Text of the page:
When people asked me or saw an old photo of me and were puzzled – I’d explain that I have Alopecia – not had. I would never trust them when they said “Really, I would never know”. Such is my paranoia when it comes my hair.


Paris, March 2016

Never really went away

I never had full regrowth, below is a list of the stuff that didn’t properly grow back when my luscious mane did:

  • My eyebrows never fully grew back to the Brooke Shields/Cara Delevigne caterpillars that they were  – but at least I had some – even if it did look like I’d over-plucked
  • A patch on my chest and trunk – which started when my head hair came back.
  • I had one patch of (no) hair – above a newly returned grey spot which never came back in (see below)

grey bit


What am I going to do this time?

You may remember last time I tried a few things? This time I don’t want to radically overhaul my diet (as I’ve been steadily eating healthier foods and upping my fitness levels for the past few months). I gave up smoking – in January and am drinking less alcohol than I ever have.

I seriously believe that my alopecia is either:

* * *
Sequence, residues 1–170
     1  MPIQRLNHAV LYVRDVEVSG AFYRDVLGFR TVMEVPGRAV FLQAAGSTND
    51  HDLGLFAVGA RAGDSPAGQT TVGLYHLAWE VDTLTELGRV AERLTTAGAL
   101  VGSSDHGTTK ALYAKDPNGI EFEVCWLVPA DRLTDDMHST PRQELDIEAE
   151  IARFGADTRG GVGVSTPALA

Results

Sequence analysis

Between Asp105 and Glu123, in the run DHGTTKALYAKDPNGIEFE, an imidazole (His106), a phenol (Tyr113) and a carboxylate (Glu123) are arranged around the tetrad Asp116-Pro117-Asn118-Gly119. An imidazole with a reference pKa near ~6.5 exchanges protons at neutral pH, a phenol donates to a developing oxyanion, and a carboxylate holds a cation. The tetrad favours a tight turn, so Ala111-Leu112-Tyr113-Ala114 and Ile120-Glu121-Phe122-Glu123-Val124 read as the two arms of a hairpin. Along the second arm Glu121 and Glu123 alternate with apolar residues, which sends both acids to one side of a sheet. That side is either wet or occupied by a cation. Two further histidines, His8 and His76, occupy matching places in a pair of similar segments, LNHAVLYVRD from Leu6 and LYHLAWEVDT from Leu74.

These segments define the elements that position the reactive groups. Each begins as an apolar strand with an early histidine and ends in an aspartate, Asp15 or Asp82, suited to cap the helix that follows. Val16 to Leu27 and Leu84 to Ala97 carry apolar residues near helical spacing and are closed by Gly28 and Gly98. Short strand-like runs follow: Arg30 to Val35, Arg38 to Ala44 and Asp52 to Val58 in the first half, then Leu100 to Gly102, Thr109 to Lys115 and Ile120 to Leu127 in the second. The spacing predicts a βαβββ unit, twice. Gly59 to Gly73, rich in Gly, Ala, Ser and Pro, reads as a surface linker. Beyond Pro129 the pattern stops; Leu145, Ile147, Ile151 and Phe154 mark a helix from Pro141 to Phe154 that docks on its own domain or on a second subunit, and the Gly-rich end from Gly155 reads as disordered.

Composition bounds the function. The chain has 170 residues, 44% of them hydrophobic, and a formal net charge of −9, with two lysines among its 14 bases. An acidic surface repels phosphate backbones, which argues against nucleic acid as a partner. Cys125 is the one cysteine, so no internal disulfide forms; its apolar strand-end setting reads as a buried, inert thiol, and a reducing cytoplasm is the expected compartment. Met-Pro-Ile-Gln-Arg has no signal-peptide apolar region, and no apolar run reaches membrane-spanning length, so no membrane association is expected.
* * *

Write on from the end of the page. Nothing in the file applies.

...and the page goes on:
• a cyclical thing  – that I have no control over
  • it’s triggered by stress – which I do have control over
  • both

Point is, if I remove or react to stress better, it’s a win-win. I know how mini stressful episodes affect me – I get a racing mind, laboured breath and a tightness of  muscle. Whether these mini episodes have contributed to my alopecia or not – I don’t want them. So…

This time, the only things I’m going to do are:

  • Try (and I do mean try really hard) to calm the f*ck down
  • Try not to stare at the ever increasing patches of pink skin
  • Remember to breathe – seriously, I’m making a conscious effort to take big long lung-bucket-fulls of breath – it’s not only good for the soul – focussing on my breath will stop my mind racing about impending baldness

I just need to remember that I’ve been through all this shit before. The ‘worst’ that can happen is actually more of an inconvenience – having to shave my head, facial hair and patchy eyebrows off on a daily basis. It isn’t life threatening and lots of people are going through much worse than me.

I’m away to snort some oxygen and (not) look at my hair in the mirror!




The eyes have it